Birth registration.
Death registration.

Burial registration,

Reprinted from the California State Board of Health Monthly Bulletin, XIV, 1 (July, 1918).

}

We find in the average city that Birth registration is not actively we have a part-time health officer enforced, so no determination can who is usually engaged in active be made of infant mortality rates. practice. He can not enforce health Nothing is done about child labor. measures without creating antago- Under food supervision we very nism amongst his professional frequently find more activity brethren, and amongst his own pa- shown than in any other departtients to the detriment of his prac- ment. A milk inspector, and fretice; therefore we find him doing quently a food inspector, will be as little as possible.

found, and occasionally stock is inIn the control of communicable spected at the time of killing. diseases we find lax reporting, and Sanitary supervision is usually more lax supervision. The quaran- reduced to the abatement of nuitinable diseases are placarded, but

sances, and is a very secondary the complaints of the public are part of the work of the plumbing depended upon to secure observ- inspector. ance of the quarantine regulations. A laboratory is usually mainNo epidemiological investigation is tained for the examination of undertaken, and the unnecessary swabs for diphtheria and sputum expense of fumigation is indulged for tuberculosis for diagnoses. in. The quarantining and fumigat- Bacterial and chemical examination ing are very frequently done by of milk is also done, but we find the plumbing inspector, or sanitary as little as possible is done where inspector, as a side issue to his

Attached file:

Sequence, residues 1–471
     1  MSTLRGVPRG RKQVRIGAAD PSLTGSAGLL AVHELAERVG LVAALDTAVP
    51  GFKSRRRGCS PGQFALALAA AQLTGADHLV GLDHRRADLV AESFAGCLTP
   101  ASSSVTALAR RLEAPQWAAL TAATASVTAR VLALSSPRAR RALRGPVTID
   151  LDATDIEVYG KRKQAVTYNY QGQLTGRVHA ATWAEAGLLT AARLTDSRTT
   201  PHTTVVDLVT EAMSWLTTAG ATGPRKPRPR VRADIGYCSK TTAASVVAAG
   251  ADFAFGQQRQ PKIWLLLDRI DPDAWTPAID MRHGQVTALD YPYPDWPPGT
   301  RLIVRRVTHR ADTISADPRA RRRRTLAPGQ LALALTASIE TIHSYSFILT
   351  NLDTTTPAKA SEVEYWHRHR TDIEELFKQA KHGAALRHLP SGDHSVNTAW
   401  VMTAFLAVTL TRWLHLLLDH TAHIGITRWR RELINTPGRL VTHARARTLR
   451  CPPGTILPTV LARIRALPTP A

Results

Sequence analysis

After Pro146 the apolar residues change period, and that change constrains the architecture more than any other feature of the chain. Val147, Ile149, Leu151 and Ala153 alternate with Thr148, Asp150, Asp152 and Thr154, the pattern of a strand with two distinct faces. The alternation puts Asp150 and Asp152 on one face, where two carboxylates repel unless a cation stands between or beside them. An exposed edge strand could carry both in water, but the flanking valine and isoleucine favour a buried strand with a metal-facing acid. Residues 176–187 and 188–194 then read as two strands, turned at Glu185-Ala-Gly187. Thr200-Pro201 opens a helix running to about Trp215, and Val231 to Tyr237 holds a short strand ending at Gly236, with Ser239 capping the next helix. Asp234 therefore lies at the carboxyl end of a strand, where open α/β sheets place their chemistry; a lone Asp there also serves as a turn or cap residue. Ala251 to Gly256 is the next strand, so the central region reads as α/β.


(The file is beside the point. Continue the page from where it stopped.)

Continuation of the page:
the pay is part time and there is regular duties.

no incentive to increase the amount The health officer usually makes

of work. no examination for release from quarantine or isolation. He in

Public Health Bookkeeping variably neglects the minor dis

Under office detail we usually eases, makes no tabulations other

find a clerk whose duties are about than those required by the state equally divided between receiving board, and is unable to work out a

reports of cases of communicable morbidity rate; in fact, I doubt if diseases from physicians, ordering he knows what such a thing is. quarantines and fumigations, re

In the conservation of child life, ceiving and registering birth cerwith possibly the exception of tificates, death certificates, issuing medical inspection in schools, prac- burial permits, answering 'phone tically nothing is being done in the kicks, issuing permits for milk, average city. We frequently find meat, and other vendors, and makbaby week campaigns have been ing reports to the State Board. held; these are usually fostered by No bookkeeping of public health is mothers' clubs of the city, but this done, therefore no information is very good work is not followed available which would show the up by the health department. No health situation of the city. An supervision of midwives, maternity annual report is usually not prehomes, or homes for children is pared. "Bookkeeping of Public undertaken, except possibly the Health” is a very good term borregistration of midwives. (Under rowed from Irving Fisher. A city the present laws of California any- which does not do such bookkeepbody can be a midwife.)

ing is on a par with the business

« ForrigeFortsett »